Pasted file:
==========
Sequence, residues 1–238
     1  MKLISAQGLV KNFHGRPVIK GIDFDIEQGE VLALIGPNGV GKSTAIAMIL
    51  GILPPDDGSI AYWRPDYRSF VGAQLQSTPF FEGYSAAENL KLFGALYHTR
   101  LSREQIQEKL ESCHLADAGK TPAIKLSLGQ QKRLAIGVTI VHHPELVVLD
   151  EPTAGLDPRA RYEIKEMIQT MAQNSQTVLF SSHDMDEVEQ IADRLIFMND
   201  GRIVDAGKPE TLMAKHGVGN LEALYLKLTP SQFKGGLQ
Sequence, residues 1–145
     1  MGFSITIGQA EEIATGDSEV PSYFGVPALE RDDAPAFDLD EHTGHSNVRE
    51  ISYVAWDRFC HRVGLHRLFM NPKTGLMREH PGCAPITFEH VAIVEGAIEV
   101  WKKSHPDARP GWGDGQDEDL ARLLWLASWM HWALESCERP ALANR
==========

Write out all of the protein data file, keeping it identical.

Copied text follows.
Sequence, residues 1–238
     1  MKLISAQGLV KNFHGRPVIK GIDFDIEQGE VLALIGPNGV GKSTAIAMIL
    51  GILPPDDGSI AYWRPDYRSF VGAQLQSTPF FEGYSAAENL KLFGALYHTR
   101  LSREQIQEKL ESCHLADAGK TPAIKLSLGQ QKRLAIGVTI VHHPELVVLD
   151  EPTAGLDPRA RYEIKEMIQT MAQNSQTVLF SSHDMDEVEQ IADRLIFMND
   201  GRIVDAGKPE TLMAKHGVGN LEALYLKLTP SQFKGGLQ
Sequence, residues 1–145
     1  MGFSITIGQA EEIATGDSEV PSYFGVPALE RDDAPAFDLD EHTGHSNVRE
    51  ISYVAWDRFC HRVGLHRLFM NPKTGLMREH PGCAPITFEH VAIVEGAIEV
   101  WKKSHPDARP GWGDGQDEDL ARLLWLASWM HWALESCERP ALANR